5-in-1 Vaccine (changing to the 6-in-1 Vaccine in autumn 2017)

The impact of vaccination

The table below shows the average number of deaths in the UK each year, before and after introduction of a vaccine:

Disease Before After
Diphtheria 3500 0
Tetanus 140 0
Pertussis 1000 3
Polio 200 0
Hib Disease 60 0
TOTAL 4900 3

Source: Public Health England and the Health Protection Agency archive

Key vaccine facts

The 5-in-1 vaccine used in the UK gives protection against these five serious diseases: diphtheria, tetanus, whooping cough (pertussis), polio and Hib disease (Haemophilus influenzae type b). Before vaccines existed, these diseases used to kill thousands of children in the UK every year, as the table above shows.

In the UK the 5-in-1 vaccine is being replaced by a 6-in-1 vaccine (see below). The 5-in-1 vaccine will continue to be given to all UK babies born on or before 31st July 2017. It is given at 2, 3 and 4 months in the UK. The repeated doses are needed to give a good immune response in most children. The vaccine can safely be given at the same time as other vaccines in the schedule (see the full UK routine schedule for details of the other vaccines). It is a combination vaccine, which reduces the number of injections a child needs. Read more about combination vaccines and multiple vaccinations and why these are not a risk to your baby's immune system.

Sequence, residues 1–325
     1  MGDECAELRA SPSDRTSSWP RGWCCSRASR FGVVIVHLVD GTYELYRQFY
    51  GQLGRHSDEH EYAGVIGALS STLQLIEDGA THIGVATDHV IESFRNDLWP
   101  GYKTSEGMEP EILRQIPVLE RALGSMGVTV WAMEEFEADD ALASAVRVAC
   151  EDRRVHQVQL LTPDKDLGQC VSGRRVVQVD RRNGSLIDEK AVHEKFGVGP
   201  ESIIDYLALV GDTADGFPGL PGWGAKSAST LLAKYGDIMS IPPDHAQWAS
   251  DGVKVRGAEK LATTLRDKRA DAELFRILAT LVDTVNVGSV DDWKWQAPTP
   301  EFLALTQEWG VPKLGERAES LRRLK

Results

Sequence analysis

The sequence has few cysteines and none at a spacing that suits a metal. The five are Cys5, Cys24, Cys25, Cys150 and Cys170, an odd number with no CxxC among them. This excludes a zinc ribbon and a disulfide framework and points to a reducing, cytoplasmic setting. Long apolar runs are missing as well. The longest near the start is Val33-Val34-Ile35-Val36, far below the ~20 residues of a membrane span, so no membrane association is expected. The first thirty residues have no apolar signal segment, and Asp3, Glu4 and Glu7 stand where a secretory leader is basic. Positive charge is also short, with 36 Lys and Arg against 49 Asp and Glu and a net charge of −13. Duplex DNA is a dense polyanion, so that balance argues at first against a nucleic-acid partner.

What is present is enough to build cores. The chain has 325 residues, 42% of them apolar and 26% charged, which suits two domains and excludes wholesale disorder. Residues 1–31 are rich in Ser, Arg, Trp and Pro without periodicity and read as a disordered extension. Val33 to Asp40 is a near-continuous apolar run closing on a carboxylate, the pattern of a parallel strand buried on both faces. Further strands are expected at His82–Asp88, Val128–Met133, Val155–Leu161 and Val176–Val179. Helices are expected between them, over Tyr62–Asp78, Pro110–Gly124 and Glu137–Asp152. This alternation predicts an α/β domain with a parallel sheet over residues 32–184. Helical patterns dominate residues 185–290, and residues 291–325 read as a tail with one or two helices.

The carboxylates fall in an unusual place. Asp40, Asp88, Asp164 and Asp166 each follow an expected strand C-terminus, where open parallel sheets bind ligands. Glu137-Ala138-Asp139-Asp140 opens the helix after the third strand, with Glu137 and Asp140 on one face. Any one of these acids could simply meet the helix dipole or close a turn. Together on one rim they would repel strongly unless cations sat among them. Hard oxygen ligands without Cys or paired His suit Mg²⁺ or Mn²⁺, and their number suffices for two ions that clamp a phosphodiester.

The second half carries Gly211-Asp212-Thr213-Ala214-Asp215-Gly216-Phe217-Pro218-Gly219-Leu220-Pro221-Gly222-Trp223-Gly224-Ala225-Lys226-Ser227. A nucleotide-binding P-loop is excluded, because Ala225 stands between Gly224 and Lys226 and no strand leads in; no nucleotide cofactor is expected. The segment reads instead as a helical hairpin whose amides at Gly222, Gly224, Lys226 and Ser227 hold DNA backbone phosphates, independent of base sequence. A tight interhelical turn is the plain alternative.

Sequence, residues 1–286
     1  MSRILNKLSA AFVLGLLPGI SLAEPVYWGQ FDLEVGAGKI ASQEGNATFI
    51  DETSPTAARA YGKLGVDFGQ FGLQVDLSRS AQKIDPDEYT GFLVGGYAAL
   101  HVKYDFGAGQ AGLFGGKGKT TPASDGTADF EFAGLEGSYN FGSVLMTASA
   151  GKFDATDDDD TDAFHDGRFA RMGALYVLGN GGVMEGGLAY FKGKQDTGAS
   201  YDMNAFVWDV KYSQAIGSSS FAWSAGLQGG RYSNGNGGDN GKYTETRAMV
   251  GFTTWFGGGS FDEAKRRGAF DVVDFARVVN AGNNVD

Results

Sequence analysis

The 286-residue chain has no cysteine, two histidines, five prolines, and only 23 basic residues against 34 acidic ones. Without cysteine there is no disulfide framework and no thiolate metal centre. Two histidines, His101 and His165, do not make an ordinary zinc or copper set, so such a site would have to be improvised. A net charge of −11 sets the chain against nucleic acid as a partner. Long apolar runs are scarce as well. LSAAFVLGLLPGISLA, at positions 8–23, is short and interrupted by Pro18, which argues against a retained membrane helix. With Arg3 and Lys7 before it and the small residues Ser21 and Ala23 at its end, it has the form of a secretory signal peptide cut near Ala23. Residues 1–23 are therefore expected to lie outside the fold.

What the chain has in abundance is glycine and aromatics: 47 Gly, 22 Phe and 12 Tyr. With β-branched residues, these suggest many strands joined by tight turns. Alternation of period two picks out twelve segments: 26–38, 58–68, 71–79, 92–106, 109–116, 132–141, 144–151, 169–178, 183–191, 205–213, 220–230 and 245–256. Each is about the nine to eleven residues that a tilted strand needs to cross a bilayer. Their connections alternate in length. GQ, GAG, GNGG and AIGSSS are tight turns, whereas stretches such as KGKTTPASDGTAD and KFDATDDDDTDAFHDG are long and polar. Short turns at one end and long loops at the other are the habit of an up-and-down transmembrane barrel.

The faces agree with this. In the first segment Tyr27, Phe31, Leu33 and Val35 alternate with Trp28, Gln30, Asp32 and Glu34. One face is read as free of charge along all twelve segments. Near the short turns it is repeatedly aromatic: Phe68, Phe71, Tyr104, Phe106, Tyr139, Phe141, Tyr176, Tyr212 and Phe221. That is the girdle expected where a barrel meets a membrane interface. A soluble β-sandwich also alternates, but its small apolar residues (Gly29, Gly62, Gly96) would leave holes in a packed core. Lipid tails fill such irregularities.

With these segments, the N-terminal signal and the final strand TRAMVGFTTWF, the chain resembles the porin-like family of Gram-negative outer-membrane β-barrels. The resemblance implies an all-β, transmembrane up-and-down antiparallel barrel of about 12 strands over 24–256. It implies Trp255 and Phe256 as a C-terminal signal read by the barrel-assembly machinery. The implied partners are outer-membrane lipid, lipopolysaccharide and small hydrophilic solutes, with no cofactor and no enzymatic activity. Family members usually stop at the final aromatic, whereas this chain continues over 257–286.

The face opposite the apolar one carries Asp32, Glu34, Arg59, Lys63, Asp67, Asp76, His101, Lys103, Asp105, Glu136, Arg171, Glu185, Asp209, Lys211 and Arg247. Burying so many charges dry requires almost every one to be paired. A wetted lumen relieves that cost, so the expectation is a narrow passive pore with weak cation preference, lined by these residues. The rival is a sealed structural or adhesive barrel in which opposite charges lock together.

The 5-in-1 vaccine used in the UK does not contain any live bacteria or viruses. It cannot cause any of the diseases it protects against.

Two brands of 5-in-1 vaccine are used in the UK: Pediacel (see the Patient Information Leaflet ) and Infanrix IPV+Hib (see the Patient Information Leaflet ). These vaccines contain between 9 and 11 components (the active ingredients that make the immune system produce antibodies to protect you against the disease). The vaccine used until 2004 contained about 3,000 components. This means that the current vaccines are less likely to cause serious side effects. See 'More information' below.

New 6-in-1 vaccine

In 2017 the UK decided to replace the 5-in-1 vaccine with a 6-in-1 vaccine. This vaccine also gives protection against hepatitis B, a cause of serious liver disease. Since the disease is so serious, the World Health Organization has said that all babies in the world should be protected by hepatitis B vaccination.

The 6-in-1 vaccine will be offered to all UK babies born on or after 1st August 2017, and given at 2, 3 and 4 months of age. The vaccine has been used worldwide for several years and has a good safety record. About 150 million doses have been given in 97 countries in Europe and across the world. See the Public Health England statement for more information.